I AM CHRISTOPHER LEACH THE ARTIST. I started this blog so that I can share with everyone my vast collection of transport photographs showing a personal and nostalgic view of the industry with images that span some 45 years taking in the U.K and some of Europe. I have no darkroom and so rather than being the perfectionist after tidying them up I upload the images warts and all, and even those that won't scan squarely or are scratched. In a way it adds age and character. You are all free to download these for your personal use but please remember I still own them and you are not just free to use them without prior permission for any knd of publishing. Click on images to enlarge them and if you want to see more leave your comments or visit my website for the mother-site with galleries including those Buses & Girls: PICTUREWORLD

Tuesday, 22 January 2008

TG 27701 The Numbers Game, look twice are you sure it's a proper Swiss Post Bus?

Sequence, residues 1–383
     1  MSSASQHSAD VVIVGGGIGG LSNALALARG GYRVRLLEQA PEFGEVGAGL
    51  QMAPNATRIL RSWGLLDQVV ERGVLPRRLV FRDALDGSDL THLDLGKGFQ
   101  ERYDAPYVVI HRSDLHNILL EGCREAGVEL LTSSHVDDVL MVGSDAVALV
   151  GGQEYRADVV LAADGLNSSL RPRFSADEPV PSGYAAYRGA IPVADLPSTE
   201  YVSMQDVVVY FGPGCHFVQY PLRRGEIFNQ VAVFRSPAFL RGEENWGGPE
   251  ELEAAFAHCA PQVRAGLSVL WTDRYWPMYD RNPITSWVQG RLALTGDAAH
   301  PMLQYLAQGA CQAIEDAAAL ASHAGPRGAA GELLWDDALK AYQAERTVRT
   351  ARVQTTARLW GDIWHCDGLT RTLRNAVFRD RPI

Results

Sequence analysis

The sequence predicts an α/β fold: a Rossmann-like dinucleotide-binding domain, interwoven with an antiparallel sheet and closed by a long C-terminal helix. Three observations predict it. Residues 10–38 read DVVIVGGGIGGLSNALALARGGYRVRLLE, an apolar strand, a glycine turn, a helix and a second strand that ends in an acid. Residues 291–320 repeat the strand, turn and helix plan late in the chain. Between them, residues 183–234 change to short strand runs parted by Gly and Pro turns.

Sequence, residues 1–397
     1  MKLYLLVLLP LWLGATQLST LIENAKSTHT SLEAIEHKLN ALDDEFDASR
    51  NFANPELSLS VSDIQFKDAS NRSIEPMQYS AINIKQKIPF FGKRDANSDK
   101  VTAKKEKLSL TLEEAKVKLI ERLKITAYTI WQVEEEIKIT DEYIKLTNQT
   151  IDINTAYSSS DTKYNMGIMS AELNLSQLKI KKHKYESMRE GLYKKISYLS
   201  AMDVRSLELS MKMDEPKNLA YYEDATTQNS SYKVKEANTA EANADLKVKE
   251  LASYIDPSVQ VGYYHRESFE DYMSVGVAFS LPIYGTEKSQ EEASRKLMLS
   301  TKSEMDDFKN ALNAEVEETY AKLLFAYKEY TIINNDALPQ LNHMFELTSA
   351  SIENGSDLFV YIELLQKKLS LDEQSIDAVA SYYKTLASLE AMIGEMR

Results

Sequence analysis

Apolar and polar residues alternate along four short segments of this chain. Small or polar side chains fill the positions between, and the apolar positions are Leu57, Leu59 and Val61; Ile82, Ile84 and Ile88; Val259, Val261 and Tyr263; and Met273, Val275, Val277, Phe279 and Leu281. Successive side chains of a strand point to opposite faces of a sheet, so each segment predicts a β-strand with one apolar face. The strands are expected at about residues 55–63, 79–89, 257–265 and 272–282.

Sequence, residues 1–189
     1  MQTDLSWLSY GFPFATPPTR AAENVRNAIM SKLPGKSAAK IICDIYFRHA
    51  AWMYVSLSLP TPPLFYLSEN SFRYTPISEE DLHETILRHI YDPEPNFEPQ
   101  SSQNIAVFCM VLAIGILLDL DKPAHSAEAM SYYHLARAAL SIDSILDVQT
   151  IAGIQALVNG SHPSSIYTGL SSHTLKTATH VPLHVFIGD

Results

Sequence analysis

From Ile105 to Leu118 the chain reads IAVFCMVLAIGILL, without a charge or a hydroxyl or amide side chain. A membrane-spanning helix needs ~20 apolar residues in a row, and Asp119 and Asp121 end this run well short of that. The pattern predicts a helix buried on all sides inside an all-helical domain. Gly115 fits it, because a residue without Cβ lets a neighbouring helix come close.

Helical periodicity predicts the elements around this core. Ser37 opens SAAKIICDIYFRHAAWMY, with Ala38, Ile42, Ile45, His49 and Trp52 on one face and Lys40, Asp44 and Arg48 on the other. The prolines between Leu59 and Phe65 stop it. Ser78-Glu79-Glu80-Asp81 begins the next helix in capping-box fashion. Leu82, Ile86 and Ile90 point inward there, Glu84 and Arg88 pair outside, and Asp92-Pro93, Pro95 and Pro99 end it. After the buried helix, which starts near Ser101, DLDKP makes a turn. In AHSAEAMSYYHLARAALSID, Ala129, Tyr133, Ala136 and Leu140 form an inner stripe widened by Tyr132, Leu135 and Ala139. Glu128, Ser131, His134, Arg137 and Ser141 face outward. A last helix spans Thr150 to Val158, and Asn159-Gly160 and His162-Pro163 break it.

In the good old days when one could spot the genuine Post Office owned post buses by their P-prefix registration numbers the fleet of about twenty articulated buses were numbered in a series starting at 27700. So at first glance in 2000 this Mercedes Citaro seen outside the Bahnhof in Saint Gallen might have quite easily been mistaken for one of those real post buses till they noticed it had a TG numberplate from the next door Swiss Canton of Thurgau. This was because it belonged to the contractor PAH Neff of Arbon, a town famed as the home of the main Swiss bus and truck manufacturer Adolph Saurer AG till it was bought out by Mercedes in 1982. From 2005 the law was changed and all post buses including the state owned fleet had to carry cantonal plates and pay taxes. So after this change no doubt the former Post Office indexed examples carried any random number allotted to it as so it was nice in a way that it was probably left to this PAH impostor to through mere coincidence continue this nice tradition on it's own. From an operational point of view it had made sense that the main Post Office owned buses should have carried a special number all of their own as now it is hard to trace their movement as they have to carry a new registration each time they are moved and reallocated to a new canton. Still the Post Office doesn't seem too concerned otherwise they could have continued to keep that lifetime single identity in the form of fleet numbers. Today there is no system at all and no doubt everything is understood by the computers but it doesn't make life easy for the bus enthusiasts trying to track their movements. I'm sure it's really because those Swiss are a secretive lot!

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